Four Antique English Porcelain Shell Shaped Dishes Made Circa 1810


WHY WE LOVE IT: The founder of Bardith, Edith Wolf, always said, “Miles Mason never made a piece of porcelain that wasn’t beautiful.”
This group of four shell-shaped dishes was made in the Regency period, circa 1810. Like many of Miles Mason’s best designs, this pattern has flair. It is one of his finest patterns. The two pairs of dishes are fully painted with pink and orange flowers with green leaves. The unexpected combination of pink with orange highlighted with green makes this a gorgeous pattern.
Placed in a cabinet or on a wall, these dishes will make an entire room come alive.

Dimensions: 8.5″ tall x 8″ wide

Condition: Excellent

In stock


For an image of a dish in this pattern, see R Haggar and E Adams: “Mason Porcelain and Ironstone 1796-1853, fig 85.
For more information on a variety of Miles Mason’s patterns, see “Miles Mason Porcelain a Guide to Patterns and Shapes” by D. S. Skinner and V. Young and the Stoke-on Trent City Museum.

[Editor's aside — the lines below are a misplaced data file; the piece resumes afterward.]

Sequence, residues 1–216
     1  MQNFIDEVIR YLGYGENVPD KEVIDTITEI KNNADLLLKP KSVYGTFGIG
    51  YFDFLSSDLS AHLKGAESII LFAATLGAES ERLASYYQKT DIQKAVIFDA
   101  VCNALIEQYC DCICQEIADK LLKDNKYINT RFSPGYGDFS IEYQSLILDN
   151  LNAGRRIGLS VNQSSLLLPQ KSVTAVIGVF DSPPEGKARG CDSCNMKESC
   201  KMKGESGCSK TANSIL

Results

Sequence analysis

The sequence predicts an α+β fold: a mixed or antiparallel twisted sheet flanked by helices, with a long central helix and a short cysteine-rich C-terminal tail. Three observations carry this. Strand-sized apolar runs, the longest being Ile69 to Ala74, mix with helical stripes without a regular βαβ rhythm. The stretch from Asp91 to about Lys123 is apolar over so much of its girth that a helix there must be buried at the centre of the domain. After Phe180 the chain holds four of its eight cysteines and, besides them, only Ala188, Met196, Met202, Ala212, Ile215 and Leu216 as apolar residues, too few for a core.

Background of Miles Mason

In 1796 Miles Mason entered into a partnership with the experienced porcelain manufacturer Thomas Wolfe of Liverpool. He partnered with George Wolfe at the Victoria Works in Lane Delph in the same year, producing fine earthenware. Miles thus assured himself of a continuous supply of earthenware and porcelain for his retail porcelain and pottery business in London. Both of these partnerships ceased in 1800. Miles kept the Victoria Works for himself and produced porcelain until 1813. He retired from business in June 1813.

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